Pilar Cragan is founder and principle teacher of the New York Vocal Intensive.
5 Vocal Tips to keep in mind to help you be a better singer.
Vocal TIP #1
A Vocal Tip about “Pushing” and Singing “Sensation”
Many times during a live performance it is difficult to hear your voice, and a singer will “push” the voice resulting in rapid fatigue. In situations where it’s hard to hear your voice due to acoustics, you can also rely on the sensation of breathing and singing. The understanding of physical sensation during singing is developed and memorized over time by learning about your individual voice and doing proper exercises. Studying how your unique voice “feels” will give you the endurance you need to thrive. When you have mastered the sensations of singing, you will be even more prepared to deliver a successful, energetic performance!
Vocal TIP #2
When you vocalize during a practice session make sure you are in a comfortable environment. Practice in a place where you have the freedom to sing out and release, and know that exploring your range will result in the occasional crack or squeak. Vocal exercises must be assigned to improve your specific vocal weaknesses. As an aspiring singer it is your job to make practice part of your everyday lifestyle; vocalizing properly for just 30 minutes a day will provide positive results! Vocal practice will give you the freedom to be confident and creative in your recording sessions.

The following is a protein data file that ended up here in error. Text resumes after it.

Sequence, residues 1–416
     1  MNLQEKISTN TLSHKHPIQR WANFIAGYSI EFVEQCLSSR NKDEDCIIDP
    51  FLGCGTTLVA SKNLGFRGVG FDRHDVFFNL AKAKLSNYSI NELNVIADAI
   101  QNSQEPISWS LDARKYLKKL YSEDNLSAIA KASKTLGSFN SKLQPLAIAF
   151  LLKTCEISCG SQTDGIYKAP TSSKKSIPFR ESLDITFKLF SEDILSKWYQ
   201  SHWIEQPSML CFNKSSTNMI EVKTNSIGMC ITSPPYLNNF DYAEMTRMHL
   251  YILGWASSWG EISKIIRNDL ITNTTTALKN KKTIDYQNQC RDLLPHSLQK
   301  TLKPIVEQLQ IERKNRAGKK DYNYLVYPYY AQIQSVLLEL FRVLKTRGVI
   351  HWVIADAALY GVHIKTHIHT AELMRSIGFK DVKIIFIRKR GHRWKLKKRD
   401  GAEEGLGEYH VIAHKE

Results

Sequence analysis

Vocal TIP #3
Warming up the Voice: It is very important to warm-up the voice before a recording or a performance. When a singer shocks the voice into producing sound by launching into a song without effectively warming the voice, it will only result in vocal fatigue. Vocal warm-up should be slow and gradual. Humming, lip trills and breathing exercises are useful techniques to relax the jaw and neck muscles and to engage the breathing mechanism. It is also essential to get the blood flowing through your body and to your vocal cords with some light physical exercise. Warm-up time is individual and varies from person to person. Your voice teacher will advise you regarding useful warm-up exercises to ensure vocal health and longevity.
Vocal TIP #4
About Holiday Stress: The voice is directly affected when our body is stressed. During the winter months we are fighting to stay healthy due to holiday angst, fluctuating temperatures, tiredness and germs. If you notice that your voice is feeling sluggish, hoarse, or you are coughing, allow for a few days of vocal rest. Stay strong by keeping physically fit, eating well and getting enough rest. This holiday season be kind to your voice and don’t overindulge in alcohol, food or cigarettes. Since you only have one voice, give yourself a gift this season by nurturing it. Happy Holidays!
Vocal TIP #5